“This process of the inquest and hearing the facts, especially from the eye-witnesses, has helped me deeply as it is now clear in my mind what actually happened on the night.”

Quotes Attributable to George Selvanera, Acting CEO of the Victorian Aboriginal Legal Service

“For four years, Raymond Noel’s family has waited for answers. For four years they have advocated for Raymond Noel, for justice, for accountability for his tragic death, and for no other family to experience the grief and the sorrow they have had to endure, and will continue to endure for the rest of their lives.”

“The dignity, the courage, the strength of the Thomas-Williams family is moving, and we hope that they will find some solace through this coronial inquest.”

To determine eligibility VALS will:

  • enquire as to the Aboriginality of the client;
  • enquire as to perceived or actual conflict of interest;
  • enquire as to compliance with the Means Test;
  • consider the merit of the client’s matter.

The first time someone uses VALS they must provide proof of their Aboriginality using the Confirmation of Aboriginality Form. This form must be signed and sealed by the Officer Bearers of a recognised Aboriginal and Torres Strait Islander organisation.

VALS must not decline to provide assistance to an eligible person, group or body on the grounds that the other party to the matter is an Aboriginal and/or Torres Strait Islander person. In circumstances where the relationship between the parties to a case would result in a conflict of interest, that conflict must be managed in accordance with the Victorian Legal Practice requirements and Policy Direction 9 – “Managing Conflicts of Interest” – of the Attorney-General’s Department Policy Directions for the Delivery of Legal Aid Services to Indigenous Australians (2008).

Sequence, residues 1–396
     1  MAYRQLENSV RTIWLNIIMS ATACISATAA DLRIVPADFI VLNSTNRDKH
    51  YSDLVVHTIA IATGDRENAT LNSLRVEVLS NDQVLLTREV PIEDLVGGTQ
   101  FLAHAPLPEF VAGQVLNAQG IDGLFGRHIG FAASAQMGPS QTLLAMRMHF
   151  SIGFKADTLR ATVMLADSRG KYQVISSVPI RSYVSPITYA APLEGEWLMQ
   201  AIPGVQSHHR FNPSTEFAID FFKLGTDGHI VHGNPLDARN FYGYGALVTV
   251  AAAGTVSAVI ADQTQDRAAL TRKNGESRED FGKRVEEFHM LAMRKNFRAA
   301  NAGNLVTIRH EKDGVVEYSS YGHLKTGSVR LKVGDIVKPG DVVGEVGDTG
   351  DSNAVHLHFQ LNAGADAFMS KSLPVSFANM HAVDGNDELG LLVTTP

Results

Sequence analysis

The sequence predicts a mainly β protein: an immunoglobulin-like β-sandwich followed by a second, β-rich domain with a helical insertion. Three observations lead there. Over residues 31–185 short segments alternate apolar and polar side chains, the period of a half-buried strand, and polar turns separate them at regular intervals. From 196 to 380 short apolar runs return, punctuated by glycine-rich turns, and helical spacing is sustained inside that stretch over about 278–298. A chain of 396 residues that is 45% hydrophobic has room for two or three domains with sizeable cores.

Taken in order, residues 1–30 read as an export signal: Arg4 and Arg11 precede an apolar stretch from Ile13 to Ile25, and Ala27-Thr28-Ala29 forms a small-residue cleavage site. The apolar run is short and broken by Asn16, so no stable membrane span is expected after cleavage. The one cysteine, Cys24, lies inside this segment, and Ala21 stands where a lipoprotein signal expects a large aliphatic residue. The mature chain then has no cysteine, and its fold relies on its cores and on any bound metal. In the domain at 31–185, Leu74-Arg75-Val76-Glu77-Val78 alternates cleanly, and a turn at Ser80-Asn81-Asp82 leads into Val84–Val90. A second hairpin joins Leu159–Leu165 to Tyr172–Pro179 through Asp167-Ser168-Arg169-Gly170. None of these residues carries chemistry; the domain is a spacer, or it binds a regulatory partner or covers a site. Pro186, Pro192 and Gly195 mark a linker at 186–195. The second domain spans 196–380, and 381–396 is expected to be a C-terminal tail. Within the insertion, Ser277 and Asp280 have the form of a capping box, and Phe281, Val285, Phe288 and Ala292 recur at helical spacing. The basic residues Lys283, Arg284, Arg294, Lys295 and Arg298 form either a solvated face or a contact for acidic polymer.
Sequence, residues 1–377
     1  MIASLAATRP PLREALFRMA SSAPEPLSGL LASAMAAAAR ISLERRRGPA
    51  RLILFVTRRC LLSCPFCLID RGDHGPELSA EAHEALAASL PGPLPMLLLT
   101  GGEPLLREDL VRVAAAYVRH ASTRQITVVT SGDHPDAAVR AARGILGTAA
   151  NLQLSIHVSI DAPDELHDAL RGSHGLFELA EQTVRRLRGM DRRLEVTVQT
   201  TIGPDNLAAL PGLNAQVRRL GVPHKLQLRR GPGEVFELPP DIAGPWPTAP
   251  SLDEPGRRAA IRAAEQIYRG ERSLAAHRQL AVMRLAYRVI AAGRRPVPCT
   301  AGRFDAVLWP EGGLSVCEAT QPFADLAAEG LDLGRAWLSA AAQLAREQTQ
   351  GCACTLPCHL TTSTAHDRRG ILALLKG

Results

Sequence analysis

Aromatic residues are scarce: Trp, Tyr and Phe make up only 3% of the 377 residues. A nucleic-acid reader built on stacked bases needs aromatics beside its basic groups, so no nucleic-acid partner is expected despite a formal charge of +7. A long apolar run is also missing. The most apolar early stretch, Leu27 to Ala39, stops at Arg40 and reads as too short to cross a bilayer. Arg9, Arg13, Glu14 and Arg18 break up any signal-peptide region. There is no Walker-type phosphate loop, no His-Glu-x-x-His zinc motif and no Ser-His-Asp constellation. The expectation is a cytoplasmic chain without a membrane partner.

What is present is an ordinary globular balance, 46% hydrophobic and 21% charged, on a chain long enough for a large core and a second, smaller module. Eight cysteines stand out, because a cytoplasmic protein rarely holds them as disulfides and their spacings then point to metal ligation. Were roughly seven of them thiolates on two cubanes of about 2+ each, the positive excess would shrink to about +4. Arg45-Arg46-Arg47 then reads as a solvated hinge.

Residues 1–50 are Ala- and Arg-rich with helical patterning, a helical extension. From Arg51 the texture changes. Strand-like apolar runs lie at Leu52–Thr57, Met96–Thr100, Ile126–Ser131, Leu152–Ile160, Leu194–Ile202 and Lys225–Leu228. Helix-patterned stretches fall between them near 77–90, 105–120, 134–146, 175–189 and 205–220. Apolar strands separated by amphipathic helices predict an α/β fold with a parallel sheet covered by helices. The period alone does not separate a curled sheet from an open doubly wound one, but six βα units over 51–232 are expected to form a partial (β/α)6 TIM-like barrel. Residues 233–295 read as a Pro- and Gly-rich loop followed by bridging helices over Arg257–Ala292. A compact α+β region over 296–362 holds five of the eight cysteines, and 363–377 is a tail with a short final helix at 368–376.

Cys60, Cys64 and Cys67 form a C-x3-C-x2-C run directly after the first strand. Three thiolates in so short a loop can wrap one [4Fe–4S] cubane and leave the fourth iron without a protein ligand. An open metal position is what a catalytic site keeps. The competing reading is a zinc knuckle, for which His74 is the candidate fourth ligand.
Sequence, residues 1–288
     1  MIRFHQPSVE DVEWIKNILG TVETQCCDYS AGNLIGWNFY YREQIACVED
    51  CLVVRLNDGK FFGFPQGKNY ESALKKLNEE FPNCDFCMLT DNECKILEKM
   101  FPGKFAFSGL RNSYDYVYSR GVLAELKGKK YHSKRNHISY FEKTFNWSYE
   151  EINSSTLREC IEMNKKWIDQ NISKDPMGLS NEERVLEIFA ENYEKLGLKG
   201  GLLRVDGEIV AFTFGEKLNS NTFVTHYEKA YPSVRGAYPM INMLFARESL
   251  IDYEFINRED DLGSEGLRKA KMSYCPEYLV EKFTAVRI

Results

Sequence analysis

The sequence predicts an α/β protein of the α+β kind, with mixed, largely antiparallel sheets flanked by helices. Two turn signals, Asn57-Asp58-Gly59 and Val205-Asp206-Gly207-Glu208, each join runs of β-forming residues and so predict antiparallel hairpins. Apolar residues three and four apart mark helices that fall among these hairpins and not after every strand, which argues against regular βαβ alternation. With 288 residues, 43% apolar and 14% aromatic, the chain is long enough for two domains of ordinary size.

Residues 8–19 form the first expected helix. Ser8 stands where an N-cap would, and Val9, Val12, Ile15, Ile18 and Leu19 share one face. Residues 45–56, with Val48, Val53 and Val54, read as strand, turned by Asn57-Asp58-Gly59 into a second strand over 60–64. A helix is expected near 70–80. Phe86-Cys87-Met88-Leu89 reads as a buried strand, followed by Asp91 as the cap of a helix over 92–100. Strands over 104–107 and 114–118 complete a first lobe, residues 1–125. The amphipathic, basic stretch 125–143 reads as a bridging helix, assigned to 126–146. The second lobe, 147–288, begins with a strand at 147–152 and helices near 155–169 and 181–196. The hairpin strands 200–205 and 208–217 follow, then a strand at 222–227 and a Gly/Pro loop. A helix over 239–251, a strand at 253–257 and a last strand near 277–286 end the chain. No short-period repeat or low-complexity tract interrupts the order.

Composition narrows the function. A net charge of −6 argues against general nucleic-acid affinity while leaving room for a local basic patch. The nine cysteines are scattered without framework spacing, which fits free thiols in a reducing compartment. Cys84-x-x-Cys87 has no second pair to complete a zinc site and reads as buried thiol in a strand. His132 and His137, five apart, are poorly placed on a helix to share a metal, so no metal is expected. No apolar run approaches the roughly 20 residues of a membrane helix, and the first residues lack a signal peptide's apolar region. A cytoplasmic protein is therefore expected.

VALS will not act if a conflict of interest exists. A conflict of interest may be an ‘actual’ conflict of interest or a ‘perceived’ conflict of interest. A conflict of interest can involve:

  • Clients who have different interests, such as VALS may have advised or acted for person “A” (old client) who has an interest that conflicts with person “B” (intended new client).
  • Clients and VALS, such as a VALS staff member or Board Member has an interest that conflicts with an intended new client. Conflicts involving client-provider relationships are:
    •  An owner, director, manager, employee, contractor or agent of VALS and/or;
    • An employee of the Department; and/or
    • A close relative (spouse, de facto, parent, sibling or child) of any of the above.

VALS provides assistance on a first in best dressed basis (i.e. provide direct assistance to the party who approaches VALS first). VALS will refer the other party to another legal service provider or “brief out” the client to a private lawyer (subject to the client meeting the requirements for brief outs). Where appropriate, VALS may act for one client and provide assistance by brief out to the other.

Means Test
Where a person seeks casework assistance, VALS must ensure that applicants satisfy the Means Testing provisions of the Policy Directions.

VALS must ensure that all applicants for legal casework assistance satisfy one or more of the following requirements:

  • Under 18 years of age;
  • Main source of income comes from Community Development Employment Projects; (CDEP) participant wages or Centrelink (or equivalent) benefits; or
  • Gross household income is under $52,000 per annum.

Note: Household income includes the income of your partner, spouse, relative including an adult child who you live with.

The Means Test will be administered in two parts:

Part A: Requires the completion of a small number of questions relating to the applicant’s personal circumstances and income level.

Part B: Is required where applicants do not satisfy the criteria in Part A. It requires more detail about the applicant’s income, assets, employment status and number of dependents.

Merit Test
Discretion will be used to determine if a particular case has merit.